Night 4: We stay in a small bed and breakfast where your host will make you more than welcome.

Night 5: Our night at the remote southernmost point of Britain will hopefully be rewarded with an unforgettable sunset, and will certainly offer fine views of the sea. We stay in an excellent private hotel, close to Lizard Head; set in its own grounds the hotel has views of the famous Lizard lighthouse. Most rooms are ensuite and are equipped with tea and coffee facilities, TV and hairdryers. All have magnificent sea views.

Night 6: We stay in a three crown hotel by the quayside with old stone flags on the floor and oak beams and wood paneling in profusion. The bar retains the ambience of an old fisherman's pub, and offers friendly service in traditional surroundings. If you are there on a Saturday there will often be entertainment as well, so be prepared for a noisy evening. Pubs in Great Britain are open until 11pm. You can enjoy fine seafood at the inn or venture along the quay to a famous seafood restaurant.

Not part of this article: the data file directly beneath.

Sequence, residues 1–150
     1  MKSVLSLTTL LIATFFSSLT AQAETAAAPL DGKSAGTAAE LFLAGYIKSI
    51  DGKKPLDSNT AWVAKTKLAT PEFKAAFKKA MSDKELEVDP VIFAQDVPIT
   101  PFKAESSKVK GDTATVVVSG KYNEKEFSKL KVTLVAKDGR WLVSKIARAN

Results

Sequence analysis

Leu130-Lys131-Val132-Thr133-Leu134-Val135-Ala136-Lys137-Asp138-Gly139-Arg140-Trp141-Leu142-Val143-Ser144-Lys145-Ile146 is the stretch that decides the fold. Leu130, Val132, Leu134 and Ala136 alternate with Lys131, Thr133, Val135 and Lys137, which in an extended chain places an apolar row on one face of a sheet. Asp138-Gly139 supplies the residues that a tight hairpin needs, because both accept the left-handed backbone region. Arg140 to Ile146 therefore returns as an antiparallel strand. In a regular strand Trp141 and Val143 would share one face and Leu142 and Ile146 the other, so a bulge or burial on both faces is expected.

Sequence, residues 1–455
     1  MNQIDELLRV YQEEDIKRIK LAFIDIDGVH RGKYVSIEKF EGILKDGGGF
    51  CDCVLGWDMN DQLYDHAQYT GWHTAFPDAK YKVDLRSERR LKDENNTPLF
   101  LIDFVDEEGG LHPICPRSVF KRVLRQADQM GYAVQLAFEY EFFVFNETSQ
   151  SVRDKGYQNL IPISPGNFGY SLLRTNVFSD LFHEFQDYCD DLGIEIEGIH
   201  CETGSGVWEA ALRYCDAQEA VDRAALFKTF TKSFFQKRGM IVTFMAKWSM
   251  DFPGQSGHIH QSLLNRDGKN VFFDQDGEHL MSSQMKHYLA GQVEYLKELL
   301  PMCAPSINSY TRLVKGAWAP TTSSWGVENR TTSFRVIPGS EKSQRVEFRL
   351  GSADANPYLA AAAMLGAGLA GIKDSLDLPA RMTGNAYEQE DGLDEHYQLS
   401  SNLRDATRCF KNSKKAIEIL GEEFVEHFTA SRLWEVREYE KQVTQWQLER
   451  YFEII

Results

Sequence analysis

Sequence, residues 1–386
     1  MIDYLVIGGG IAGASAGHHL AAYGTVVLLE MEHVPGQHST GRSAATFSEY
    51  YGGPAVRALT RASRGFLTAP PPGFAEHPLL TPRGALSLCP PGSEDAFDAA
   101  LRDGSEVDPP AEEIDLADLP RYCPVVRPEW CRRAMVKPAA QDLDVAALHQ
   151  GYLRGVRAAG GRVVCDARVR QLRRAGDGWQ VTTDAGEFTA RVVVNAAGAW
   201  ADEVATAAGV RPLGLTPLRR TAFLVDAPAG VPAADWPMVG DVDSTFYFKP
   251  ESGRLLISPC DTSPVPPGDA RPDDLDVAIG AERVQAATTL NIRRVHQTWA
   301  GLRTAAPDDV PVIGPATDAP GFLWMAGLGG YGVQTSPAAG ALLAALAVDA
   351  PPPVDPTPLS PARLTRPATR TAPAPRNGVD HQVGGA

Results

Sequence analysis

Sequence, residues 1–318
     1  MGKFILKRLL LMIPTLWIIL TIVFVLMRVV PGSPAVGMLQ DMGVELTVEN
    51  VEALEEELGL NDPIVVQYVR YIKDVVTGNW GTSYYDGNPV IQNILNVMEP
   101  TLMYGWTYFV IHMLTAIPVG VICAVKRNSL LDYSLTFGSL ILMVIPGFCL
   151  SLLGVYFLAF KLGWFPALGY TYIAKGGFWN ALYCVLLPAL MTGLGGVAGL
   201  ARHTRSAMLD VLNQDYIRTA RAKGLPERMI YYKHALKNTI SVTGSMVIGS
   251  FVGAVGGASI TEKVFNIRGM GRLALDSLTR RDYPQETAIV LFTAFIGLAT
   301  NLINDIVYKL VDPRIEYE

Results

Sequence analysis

Night 7: A highly commended hotel, with interesting views of the Mount, and of the bay sweeping around to the very popular resort of Penzance. Why not really treat yourself at the end of the holiday, the hotel offers a massage treatment, which has to be, pre-booked its approx £30 an hour or approx £45 for 1½ hours.

PLEASE NOTE: It is generally normal practice when staying in hotels that you check-in on or after 2pm and checkout by 10am the following morning. Guesthouses/bed & breakfast establishments are normally check-in on or after 4pm and checkout by 10am.

Day 1 Mevagissey: Travel to the start point and enjoy a peaceful evening next to the coastal path.

Day 2 Portloe: Walk to Portloe via Dodman Point and Portholland Cove (Distance: 12 miles / 19.35 km, Ascent 1016m approx. Estimated walking time: 5 hrs, 15mins)